This past weekend marked the fourth observance of the International Day for the Fight Against Illegal, Unreported, and Unregulated Fishing. This day was declared by the United Nations to raise awareness about IUU fishing and its threat to the sustainability of the world’s ocean resources. NOAA’s Office of Law Enforcement plays a pivotal role in tackling IUU fishing every day.
Combating IUU fishing is a top priority for the United States. IUU fishing damages economies, threatens marine resources, and harms U.S. fishing fleets and consumers. Through partnerships and collaborative efforts, we address IUU fishing by:
- Conducting investigations targeting IUU fishing activities
- Enforcing domestic laws and international treaties to ensure that fisheries resources are conserved and protected
- Facilitating government-to-government exchanges to provide capacity, technical assistance, and training workshops that strengthen fisheries enforcement aimed at restricting IUU fishing activities
Training Inspectors, Increasing Compliance
NOAA’s Office of Law Enforcement has helped countries enhance their fisheries enforcement capacities to combat IUU fishing for more than a decade.
Illegal fishers count on poor communication among relevant authorities and seek to take advantage of gaps in interagency coordination. They rely on global enforcement entities to not share information with one another—allowing them to continue to carry out their lucrative behavior.
To address this problem, the Port State Measures Agreement was created. It is the first binding international agreement specifically designed to target IUU fishing and is an important tool for us. Currently, there are 69 parties to the Agreement, covering 93 countries and more than half of the world’s coastal nations.
The Agreement works to prevent vessels carrying IUU fish and fish products from landing their catch at ports around the world. It sets minimum standards for:
- Screening foreign-flagged fishing and fishing support vessels prior to entering port
- Conducting dockside inspections of foreign-flagged fishing and fishing support vessels
- Training of inspectors and the reporting of inspections
We have developed domestic and international Port State Measures Inspector Training Programs that provide technical assistance to global partners. These trainings—the first of their kind—help reduce the amount of IUU fish and fish products being landed and exported from nations around the world. They focus on the operational implementation of the Agreement to help global partners better detect and intercept IUU fish and fish products before they enter global commerce.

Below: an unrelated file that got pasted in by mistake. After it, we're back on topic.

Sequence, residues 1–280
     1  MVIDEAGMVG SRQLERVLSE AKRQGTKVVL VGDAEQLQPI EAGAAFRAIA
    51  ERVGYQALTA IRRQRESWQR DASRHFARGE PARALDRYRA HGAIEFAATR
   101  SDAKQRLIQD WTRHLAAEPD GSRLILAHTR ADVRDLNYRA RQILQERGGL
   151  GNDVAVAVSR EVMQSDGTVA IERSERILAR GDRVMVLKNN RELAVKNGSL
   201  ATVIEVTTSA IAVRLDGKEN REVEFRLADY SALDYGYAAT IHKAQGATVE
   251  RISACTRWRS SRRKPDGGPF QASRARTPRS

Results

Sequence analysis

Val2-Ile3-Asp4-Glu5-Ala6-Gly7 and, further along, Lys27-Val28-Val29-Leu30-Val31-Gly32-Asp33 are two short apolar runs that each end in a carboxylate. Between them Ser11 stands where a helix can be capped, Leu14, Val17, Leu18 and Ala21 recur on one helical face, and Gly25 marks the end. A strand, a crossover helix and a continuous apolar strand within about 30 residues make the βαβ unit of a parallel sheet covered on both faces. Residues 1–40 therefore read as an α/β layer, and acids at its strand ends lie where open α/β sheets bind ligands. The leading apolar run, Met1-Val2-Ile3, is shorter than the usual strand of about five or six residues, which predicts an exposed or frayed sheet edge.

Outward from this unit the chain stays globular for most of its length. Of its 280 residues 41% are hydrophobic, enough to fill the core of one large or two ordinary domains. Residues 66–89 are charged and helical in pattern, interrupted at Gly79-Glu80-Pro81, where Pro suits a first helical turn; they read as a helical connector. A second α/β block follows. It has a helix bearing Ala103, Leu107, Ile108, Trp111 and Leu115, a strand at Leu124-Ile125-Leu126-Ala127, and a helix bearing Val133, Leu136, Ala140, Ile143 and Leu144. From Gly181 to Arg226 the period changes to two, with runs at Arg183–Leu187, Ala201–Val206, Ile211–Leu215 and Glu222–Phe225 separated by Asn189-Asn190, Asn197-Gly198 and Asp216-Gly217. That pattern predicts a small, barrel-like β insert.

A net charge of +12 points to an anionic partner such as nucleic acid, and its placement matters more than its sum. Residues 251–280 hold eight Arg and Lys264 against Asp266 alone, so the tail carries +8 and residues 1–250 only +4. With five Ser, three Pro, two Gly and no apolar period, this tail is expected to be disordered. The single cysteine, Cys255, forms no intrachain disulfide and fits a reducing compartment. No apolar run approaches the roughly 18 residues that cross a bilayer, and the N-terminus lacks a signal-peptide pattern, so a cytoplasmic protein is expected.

Building partnerships to combat IUU fishing is a top priority. It is critically important to the success of the Agreement that all parties have the support and tools needed to implement its provisions. We continue to help partners with legislative framework and policy support, in addition to fisheries inspector and officer training. These trainings enhance partners’ monitoring, control, and surveillance systems to combat IUU fishing and the trade in IUU fish products. They also help implement the operational requirements of the Agreement and promote increased cooperation and information sharing between interagency partners.
Training and Technical Assistance Highlights
NOAA’s Office of Law Enforcement supports partners across the Asia-Pacific region and is expanding into Latin America and the Caribbean. This expansion follows the recent successes of our Inspector Training in Lima, Peru in January 2020, which brought together participants from Ecuador and Peru.
In Southeast Asia, we conducted our first Inspector Training-of-Trainers Workshop in Jakarta, Indonesia in fall 2019. We also co-facilitated a regional Port State Measures Inspector Training workshop for the Southeast Asian Fisheries Development Center with support from the USAID Regional Development Mission for Asia. In total, nine SEAFDEC members participated—Brunei Darussalam, Cambodia, Indonesia, Malaysia, Myanmar, Philippines, Singapore, Thailand, and Vietnam—as well as India and Sri Lanka. In addition, we provided technical support to Thailand, Vietnam, and the Philippines.
We conducted joint monitoring, control, and surveillance assessments in The Bahamas, Guyana, Jamaica, and Trinidad and Tobago, in 2019 and 2020. These assessments were supported through a project with the UN Food and Agriculture Organization. We have since held multiple follow-up technical exchanges.
Lastly, due to the COVID-19 pandemic, we have worked hard to pivot capacity-building efforts to a virtual landscape. In the near future, we will launch the first virtual edition of the Training Program. Through this innovative programming, we continue the fight against IUU fishing at home and abroad.